I’ve been up since 5AM and only now am I in my bed, eating Little Caesar’s Pizza, drinking Smirnoff Ice. The day has been quite the day. It really was not out of this world, I didn’t coach a war canoe to a medal or break any world records but for some reason it was just “quite the day”. Perhaps it was the fact that on this day my job had me hauling 20 children around Superstore looking at the different fruits and with little success, convincing them that they need to eat 4 servings of fruits and vegetables a day. I did have success however at the bakery, where their noses pressed right up against the glass staring into the decorated cakes. There was equal success when we named a lobster in the tank in the seafood section, Leona. Suddenly I hear “Mommmmmmmmm!!!!” echoing from across the grocery store. How embarrassing. Didn’t those parents teach that kid to shut-up in the grocery store? “Mommmmmm!!!”, as we move closer and closer to the piercing noise. It has been a running joke within our camp that each of us leaders/supervisor take on a parent role to a group of kids who we call our own. They often come to us when they’re hurt, sad, or just need a little extra love. They also like to pit one another against each other (all in good fun though). They are our cuddles, they are our concern and although we do try and be as playful as possible we do sometimes have to lay down the law in our own special way. When our “sons” and “daughters” don’t show up to camp we are genuinely concerned and for most of the day, a bit saddened that our little buddies aren’t with us. “Mommmmmmm!!!” okay…this voice is sounding shockingly familiar now. Oh my god, I know whose voice this is. It’s my “daughter’s”.
“What do you think you’re doing?!?!?!? Why are you all the way over here????? If you need something use your feet and WALK to me. Are you kidding me right now?”
“I wanted to see if you would come if I called you that, and you did!!!”
In the moment, it was so humiliating, especially when on the civilized walk back I’m stopped by a lovely little woman who says to myself and my brood of 4 (as we have separated from the rest), “My, you have them so well trained”. Yeah k.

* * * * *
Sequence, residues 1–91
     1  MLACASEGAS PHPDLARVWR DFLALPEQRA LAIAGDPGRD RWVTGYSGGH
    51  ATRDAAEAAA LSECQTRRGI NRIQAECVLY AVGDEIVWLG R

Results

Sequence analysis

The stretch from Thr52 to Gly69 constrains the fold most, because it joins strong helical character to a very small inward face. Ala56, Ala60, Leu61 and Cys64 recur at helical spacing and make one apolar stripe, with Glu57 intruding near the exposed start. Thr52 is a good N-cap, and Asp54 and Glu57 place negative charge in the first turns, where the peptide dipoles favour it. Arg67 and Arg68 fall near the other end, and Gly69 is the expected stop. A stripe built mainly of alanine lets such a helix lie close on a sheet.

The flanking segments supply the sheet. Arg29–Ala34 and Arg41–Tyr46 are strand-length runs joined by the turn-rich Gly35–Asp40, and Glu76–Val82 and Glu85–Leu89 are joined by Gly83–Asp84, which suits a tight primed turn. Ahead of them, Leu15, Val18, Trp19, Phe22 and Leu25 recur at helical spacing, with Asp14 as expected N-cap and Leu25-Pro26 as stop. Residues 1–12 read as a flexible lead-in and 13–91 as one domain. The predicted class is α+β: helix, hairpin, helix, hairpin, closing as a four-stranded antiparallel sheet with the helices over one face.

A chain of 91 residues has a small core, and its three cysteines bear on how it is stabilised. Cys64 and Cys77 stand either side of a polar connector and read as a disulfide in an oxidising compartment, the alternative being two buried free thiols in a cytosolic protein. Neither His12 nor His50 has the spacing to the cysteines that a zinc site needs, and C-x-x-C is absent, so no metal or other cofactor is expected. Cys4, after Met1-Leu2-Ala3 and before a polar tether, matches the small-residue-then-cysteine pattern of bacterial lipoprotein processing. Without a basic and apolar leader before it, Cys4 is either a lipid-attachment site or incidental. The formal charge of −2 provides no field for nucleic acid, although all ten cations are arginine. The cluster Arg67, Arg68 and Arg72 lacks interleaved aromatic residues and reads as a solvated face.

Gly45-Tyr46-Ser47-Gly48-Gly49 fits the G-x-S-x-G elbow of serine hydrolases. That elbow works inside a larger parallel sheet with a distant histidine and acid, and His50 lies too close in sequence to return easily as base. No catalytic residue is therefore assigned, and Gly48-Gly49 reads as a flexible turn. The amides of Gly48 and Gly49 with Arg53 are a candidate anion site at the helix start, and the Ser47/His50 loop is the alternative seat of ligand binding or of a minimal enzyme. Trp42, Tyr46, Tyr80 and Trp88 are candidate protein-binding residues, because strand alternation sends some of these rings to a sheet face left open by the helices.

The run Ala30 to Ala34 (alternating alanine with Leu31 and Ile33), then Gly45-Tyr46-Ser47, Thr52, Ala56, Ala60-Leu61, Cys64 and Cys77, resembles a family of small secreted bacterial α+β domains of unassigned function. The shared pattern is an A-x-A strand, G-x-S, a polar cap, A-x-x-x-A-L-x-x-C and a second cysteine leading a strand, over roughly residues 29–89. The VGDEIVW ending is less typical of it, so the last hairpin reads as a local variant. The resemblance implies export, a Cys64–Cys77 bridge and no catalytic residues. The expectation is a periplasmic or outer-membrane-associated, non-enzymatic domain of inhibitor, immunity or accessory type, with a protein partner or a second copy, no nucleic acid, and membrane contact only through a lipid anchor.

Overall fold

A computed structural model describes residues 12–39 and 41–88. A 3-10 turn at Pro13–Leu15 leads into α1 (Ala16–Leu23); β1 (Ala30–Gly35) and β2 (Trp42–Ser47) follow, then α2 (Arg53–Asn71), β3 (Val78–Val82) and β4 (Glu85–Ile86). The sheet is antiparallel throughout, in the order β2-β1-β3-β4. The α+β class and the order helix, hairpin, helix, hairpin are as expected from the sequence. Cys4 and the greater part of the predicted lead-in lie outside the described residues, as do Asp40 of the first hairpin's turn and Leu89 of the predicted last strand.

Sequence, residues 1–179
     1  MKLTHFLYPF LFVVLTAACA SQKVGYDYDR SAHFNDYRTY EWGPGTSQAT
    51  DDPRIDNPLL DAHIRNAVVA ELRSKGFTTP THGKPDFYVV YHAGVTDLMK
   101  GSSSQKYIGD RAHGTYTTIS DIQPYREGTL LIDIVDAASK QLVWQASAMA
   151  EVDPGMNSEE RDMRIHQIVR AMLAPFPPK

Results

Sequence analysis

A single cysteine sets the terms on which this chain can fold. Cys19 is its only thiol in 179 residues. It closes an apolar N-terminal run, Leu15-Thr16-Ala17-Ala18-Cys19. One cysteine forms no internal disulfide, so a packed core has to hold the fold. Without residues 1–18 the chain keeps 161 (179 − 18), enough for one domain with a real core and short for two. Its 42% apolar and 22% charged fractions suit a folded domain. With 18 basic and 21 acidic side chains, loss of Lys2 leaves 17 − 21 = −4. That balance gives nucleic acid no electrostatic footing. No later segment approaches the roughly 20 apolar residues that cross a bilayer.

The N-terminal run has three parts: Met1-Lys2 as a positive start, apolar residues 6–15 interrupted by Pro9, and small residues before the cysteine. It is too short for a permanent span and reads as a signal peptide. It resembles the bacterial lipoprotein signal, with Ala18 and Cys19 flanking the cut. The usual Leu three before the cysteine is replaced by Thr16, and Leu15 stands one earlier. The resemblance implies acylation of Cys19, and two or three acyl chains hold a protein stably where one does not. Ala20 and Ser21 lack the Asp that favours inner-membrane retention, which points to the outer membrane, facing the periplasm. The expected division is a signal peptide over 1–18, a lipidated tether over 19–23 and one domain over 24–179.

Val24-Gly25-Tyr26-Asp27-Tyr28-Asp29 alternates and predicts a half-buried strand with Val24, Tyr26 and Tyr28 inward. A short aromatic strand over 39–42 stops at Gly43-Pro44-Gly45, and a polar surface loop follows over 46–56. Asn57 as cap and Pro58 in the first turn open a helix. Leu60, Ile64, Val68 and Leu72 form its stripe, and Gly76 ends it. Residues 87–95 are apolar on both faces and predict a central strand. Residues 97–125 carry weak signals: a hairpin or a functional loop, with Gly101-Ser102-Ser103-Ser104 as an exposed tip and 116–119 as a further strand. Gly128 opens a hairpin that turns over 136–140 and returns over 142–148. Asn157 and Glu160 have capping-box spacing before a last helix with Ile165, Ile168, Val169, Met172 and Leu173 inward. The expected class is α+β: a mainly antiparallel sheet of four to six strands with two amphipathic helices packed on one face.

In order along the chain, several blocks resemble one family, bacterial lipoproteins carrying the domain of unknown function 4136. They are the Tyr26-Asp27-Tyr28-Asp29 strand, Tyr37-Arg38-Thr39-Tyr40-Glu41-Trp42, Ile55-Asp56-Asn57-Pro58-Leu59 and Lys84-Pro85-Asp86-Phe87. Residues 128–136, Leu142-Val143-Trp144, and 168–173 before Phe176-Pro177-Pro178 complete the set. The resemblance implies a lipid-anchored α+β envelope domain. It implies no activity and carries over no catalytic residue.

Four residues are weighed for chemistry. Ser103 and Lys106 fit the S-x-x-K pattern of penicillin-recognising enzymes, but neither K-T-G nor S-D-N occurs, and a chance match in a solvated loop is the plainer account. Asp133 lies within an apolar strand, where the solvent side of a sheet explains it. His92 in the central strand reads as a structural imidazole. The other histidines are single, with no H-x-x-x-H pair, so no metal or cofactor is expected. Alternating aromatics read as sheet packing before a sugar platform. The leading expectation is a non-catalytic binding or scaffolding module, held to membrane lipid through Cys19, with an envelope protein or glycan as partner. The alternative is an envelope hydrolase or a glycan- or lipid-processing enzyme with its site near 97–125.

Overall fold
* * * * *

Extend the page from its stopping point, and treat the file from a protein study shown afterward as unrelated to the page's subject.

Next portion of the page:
I’m a light weight drinker so I will just tell you now that this post has been slightly infused with some 5% alcoholic beverage. The biggest thing I have taken away from this position is how much power you have as “Mom”. To be called “Mom” is an incredible gift and burden in its own right. After a particularly inspiring day where I talked to one of my children about their life I learned how much we just consider our lives as what they are even though they are different from the norm. I have two mothers, although I call only one “Mom”. I do not believe that anybody can be Mom. Listening to the stories from these kids of what they consider to be normal Mom things I cannot help but wish and hope that one day, they experience a true Mom.
My mother had me at a young age. The decision to give me up for adoption must have been incredibly difficult. I’ve been told this and sometimes I felt like I was told that to lessen the blow that I was brought into the world when someone else wasn’t ready. My life was changed because someone else wasn’t ready for it. That was my mother and that is as far as that relationship goes.
You are supposed to live with your parents. At the very least, one of them. I don’t care what anybody says about that, we evolved as a species that exists from that single notion. When that doesn’t happen, it changes you. So you call someone else “Mom” if you’re lucky. Or you live with someone who can be like a “Mom” though you may never call her that.
The opinion I hold on Mom and Mothers has changed drastically. For example I don’t think that it is necessarily hard for all mothers to decide whether to give up their children for adoption, though it paints a pretty picture. The truth is, some mothers suck. Some mothers crank out children so fast, the family size box of cheerios still won’t cut it. You do not get to be a part-time parent. You do not get to leave your children in this world to look after themselves when you’re too tired or busy. I look in the faces of children who gleam of ambition and promise but are faded by the sad knowledge that they don’t have a Mom to show them that. They have a mother who made bad decisions.
Now Moms, Moms are heroes. They are the aunts, the cousins, the sisters, the neighbours who take on the role of expanding this ambition and taking a broken heart and piecing it back together. These moms are fierce, protective and would do anything to see their kids smile. They are relentless in their pursuit of parental imperfection and are never short of hugs, kisses or a shoulder to lean on.
Families come in all forms and ways. However the magnitude of a child born to one woman, yet lays their heart and trust in another and the depth of that privilege are something that should never be lost or taken for granted. Yes, being adopted is a happy ending to a sad story but being called Mom is just as equally gratifying.
Please don’t worry Mom, I won’t be planning on turning my life into a remake of Matilda anytime soon. However I might just reconsider not being so embarrassed if I’m called that in the grocery store again.